To paraphrase Rosamunde Pilcher, you don’t stop learning because you grow old, you grow old because you stop learning. It’s a sentiment that informs the Love to Learn series, a leisure learning series from Pearson aimed at the silver surfer, and everything we do in building the content and brand. The ‘silver surfer’ sector is the fastest growing online age-group and perhaps best described as the ageing, not elderly, part of the population.
From a digital or online perspective it’s an age-group which is much less explored, which may explain why we thought this would be a good idea in the first place, yet it’s a group with spending power and is the primary end-user/reader for any purchase they make (so why is the 55+ reader not more aggressively courted by publishers?).
The series is, in the way it looks, feels and is built, openly aimed at the empty-nester/baby-boomer. Starting with only a little knowledge of the social group, and still being a few years off pensionable, there’s really only one way to make sure we’re speaking to our market and that’s to involve them from the off. Being a web-only product allows Agile practices to be integrated much more easily into our development. We try, consult, go back to the drawing board, consult, etc, until eventually we have something we can really put to the test in the market. It’s an exciting and exacting development process that speaks to the ‘Ivory Towers’ criticism that some publishers remain susceptible to. Nothing puts the brakes on creative hubris quite as quickly as the user-testing session conversation that begins ‘I’m not sure I need all this faff around the edges at my age.’
The relinquishing of control to the reader in the development of a new title requires bravery from the author and from the publishing team, especially in putting out a product that isn’t yet finished to a demanding testing group; and not a little diplomacy from the user-testing team in identifying which gripes are with the content and which are with the journey to the testing session. But the benefits have already shown in the evolution of each title, adapting to readers with particular needs and habits which betray a mid-land between print and digital.
One of the great questions of this project is ‘where does the silver surfer actually live?’ It’s all very well trying to go and meet your customer where they live online; first of all you’ve got to have the right address. Yes they’re growing quickly on Facebook and Twitter, and use TripAdvisor and such as online communities, too, but that’s from a pretty low base, and habits don’t reflect those of younger groups. This online area where the silver surfer lives contains inconsistencies where usage is less regular and user error happens in even the most basic tasks, but demands of the technology and interactivity are high.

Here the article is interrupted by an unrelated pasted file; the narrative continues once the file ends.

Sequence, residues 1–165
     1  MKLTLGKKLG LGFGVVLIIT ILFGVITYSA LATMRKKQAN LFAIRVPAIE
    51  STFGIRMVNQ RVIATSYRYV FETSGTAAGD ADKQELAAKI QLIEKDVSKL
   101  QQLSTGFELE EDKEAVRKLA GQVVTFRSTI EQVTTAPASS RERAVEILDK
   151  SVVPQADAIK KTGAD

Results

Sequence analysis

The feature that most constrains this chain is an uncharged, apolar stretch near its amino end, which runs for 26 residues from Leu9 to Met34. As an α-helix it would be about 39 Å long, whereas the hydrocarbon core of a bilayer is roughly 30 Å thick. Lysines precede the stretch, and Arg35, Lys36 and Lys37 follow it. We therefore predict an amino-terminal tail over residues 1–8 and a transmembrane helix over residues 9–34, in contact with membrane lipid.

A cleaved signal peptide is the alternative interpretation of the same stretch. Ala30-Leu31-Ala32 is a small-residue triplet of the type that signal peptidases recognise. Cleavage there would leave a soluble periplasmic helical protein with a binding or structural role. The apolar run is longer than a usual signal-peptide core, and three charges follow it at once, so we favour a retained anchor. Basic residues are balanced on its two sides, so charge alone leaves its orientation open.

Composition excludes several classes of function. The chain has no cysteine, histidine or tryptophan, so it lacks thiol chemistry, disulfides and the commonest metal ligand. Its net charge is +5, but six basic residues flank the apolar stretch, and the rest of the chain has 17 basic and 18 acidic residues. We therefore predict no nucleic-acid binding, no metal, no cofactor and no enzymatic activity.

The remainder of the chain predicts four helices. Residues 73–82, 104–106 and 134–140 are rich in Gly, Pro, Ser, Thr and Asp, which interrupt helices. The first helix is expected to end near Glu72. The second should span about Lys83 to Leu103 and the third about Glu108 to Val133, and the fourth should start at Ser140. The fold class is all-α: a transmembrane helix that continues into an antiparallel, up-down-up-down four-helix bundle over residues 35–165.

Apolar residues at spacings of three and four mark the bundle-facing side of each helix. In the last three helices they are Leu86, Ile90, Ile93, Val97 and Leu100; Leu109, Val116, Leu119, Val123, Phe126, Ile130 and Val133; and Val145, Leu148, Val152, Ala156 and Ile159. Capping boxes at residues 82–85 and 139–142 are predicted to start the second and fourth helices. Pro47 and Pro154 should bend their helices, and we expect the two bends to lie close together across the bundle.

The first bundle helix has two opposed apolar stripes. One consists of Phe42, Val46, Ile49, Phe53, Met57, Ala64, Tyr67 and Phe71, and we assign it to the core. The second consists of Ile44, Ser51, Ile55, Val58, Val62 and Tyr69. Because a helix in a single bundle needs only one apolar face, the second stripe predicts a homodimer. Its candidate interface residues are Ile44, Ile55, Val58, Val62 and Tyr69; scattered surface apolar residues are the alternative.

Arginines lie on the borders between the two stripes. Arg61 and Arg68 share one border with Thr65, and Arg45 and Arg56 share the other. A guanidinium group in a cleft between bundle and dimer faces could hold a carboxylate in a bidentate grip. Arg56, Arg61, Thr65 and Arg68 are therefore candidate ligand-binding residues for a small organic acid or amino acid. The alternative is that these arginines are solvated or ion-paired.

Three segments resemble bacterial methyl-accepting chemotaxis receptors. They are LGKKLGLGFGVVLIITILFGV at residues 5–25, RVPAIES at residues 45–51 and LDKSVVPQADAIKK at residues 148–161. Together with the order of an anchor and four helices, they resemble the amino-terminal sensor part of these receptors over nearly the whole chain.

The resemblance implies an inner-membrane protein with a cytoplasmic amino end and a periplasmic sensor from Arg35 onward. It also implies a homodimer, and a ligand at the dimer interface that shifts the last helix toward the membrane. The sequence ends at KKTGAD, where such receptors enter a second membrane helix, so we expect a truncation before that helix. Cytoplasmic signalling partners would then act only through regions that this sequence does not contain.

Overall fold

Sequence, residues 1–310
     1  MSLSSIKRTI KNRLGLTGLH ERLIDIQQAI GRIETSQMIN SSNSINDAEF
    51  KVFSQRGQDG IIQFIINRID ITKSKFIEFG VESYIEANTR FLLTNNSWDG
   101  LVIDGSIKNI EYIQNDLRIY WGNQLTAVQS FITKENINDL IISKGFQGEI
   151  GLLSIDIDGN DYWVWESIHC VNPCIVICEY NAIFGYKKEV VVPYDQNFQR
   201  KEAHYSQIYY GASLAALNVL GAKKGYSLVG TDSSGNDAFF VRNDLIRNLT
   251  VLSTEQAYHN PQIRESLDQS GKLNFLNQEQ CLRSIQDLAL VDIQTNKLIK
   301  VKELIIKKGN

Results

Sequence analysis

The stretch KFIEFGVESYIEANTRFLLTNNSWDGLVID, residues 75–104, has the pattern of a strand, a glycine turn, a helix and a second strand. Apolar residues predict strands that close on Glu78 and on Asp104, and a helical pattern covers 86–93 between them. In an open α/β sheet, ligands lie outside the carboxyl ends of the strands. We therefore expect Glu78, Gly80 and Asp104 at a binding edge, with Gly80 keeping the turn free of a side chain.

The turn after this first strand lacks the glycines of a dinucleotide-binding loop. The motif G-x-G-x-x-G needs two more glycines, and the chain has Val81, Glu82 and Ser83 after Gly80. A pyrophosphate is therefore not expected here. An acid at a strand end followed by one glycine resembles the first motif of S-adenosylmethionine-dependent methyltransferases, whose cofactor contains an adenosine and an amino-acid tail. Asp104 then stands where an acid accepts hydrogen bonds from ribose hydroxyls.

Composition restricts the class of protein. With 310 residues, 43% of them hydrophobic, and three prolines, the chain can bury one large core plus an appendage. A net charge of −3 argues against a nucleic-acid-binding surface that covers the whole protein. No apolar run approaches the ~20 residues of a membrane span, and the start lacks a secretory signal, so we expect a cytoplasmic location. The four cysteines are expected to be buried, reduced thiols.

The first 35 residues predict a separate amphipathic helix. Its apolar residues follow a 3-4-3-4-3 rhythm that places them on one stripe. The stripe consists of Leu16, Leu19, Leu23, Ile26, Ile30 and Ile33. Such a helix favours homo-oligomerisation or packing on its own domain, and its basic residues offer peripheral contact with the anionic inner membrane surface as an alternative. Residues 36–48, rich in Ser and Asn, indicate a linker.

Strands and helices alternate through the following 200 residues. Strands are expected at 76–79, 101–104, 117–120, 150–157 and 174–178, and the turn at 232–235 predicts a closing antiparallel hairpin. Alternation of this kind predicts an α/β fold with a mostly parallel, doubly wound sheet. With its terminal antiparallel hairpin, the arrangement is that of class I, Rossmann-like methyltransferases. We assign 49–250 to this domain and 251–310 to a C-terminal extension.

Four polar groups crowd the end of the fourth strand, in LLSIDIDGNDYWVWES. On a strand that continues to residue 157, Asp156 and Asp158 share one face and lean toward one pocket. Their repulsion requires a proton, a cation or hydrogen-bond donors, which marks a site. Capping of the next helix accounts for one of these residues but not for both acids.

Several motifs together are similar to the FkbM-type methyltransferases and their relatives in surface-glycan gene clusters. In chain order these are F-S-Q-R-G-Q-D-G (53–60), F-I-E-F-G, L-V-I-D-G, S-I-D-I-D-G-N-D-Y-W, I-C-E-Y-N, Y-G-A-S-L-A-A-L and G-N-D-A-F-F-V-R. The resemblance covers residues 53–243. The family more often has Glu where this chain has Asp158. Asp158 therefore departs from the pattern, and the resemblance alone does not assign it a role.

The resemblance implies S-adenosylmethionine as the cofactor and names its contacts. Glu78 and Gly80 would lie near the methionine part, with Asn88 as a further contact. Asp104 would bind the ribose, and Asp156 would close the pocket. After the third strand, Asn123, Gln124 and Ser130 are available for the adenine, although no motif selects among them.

For extra difficulty points, the series is also direct to customer, and as a start-up we have to improvise our way to visibility, doubly difficult as anyone tackling online discoverability knows. D2C isn’t a familiar field for many in this sector, and so we are learning as we go here, too. Visibility through partnerships is key and will continue to be so as we partner up in-house and with blue chip institutions in the activities and subjects covered. That collaboration and networking joins up the publisher with the end-user in a more relevant area for our market.
We’re on a steep learning curve, and perhaps surprisingly there’s a limited amount of expertise that we can tap into, as we find agencies are still building their knowledge of the 55+ market, and aren't much further ahead than we in publishing are, but hey, when did that ever stop publishers from trying before?
Recent blog posts
- Dreams of interoperability
- The Story behind The Story by Bobette Buster
- Pottermore's winning digital strategy
- Tools done changing?
- Publishing is Booming But it's Still Gloom on the High Street
- Authors and book rights – some more truths
- “TOC was a great ride…”
- Bright lights, big web
- Augmenting the cloud
- Are you measuring your metrics?
- I have a strong feeling that
1 week 6 days ago
- Paid-For Showrooming Is Madness
2 weeks 6 days ago
3 weeks 1 day ago
- You are asking the wrong
3 weeks 3 days ago
3 weeks 4 days ago
- Frameworks and Lotteries
3 weeks 6 days ago
- Eisler's point has been misunderstood
3 weeks 6 days ago
- Publish and be damned?
3 weeks 6 days ago
- Great post, Chris! But you're
5 weeks 4 days ago
- Numbers Game
5 weeks 6 days ago